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How Multinomial Processing Trees Have Advanced, and Can Continue to Advance, Research Using Implicit Measures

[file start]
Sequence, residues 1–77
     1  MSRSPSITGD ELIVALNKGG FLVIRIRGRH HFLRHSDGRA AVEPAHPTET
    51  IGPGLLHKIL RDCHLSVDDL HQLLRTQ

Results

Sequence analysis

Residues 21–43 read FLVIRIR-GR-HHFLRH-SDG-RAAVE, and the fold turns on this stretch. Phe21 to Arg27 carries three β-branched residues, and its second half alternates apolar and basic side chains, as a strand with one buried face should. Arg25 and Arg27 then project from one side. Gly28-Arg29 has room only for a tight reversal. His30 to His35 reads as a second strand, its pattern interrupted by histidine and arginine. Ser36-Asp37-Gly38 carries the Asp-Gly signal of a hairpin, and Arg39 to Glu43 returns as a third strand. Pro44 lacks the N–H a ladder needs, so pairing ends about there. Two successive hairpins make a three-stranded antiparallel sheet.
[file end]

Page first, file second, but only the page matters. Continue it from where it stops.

Implicit measures were developed to provide relatively pure estimates of attitudes and stereotypes, free from the influence of processes that constrain true and accurate reporting. However, implicit measures are not pure estimates of attitudes or stereotypes but, instead, reflect the joint contribution of multiple processes. The fact that responses on implicit measures reflect multiple cognitive processes complicates both their interpretation and application. In this article, I highlight contributions made to research using implicit measures by multinomial processing trees (MPTs), an analytic method that quantifies the joint contributions of multiple cognitive processes to observed responses. I provide examples of how MPTs have helped resolve mysteries that have arisen over the years, examples of findings that were initially taken at face value but were later reinterpreted by MPTs, and look to the future for ways in which MPTs seem poised to further advance research using implicit measures.

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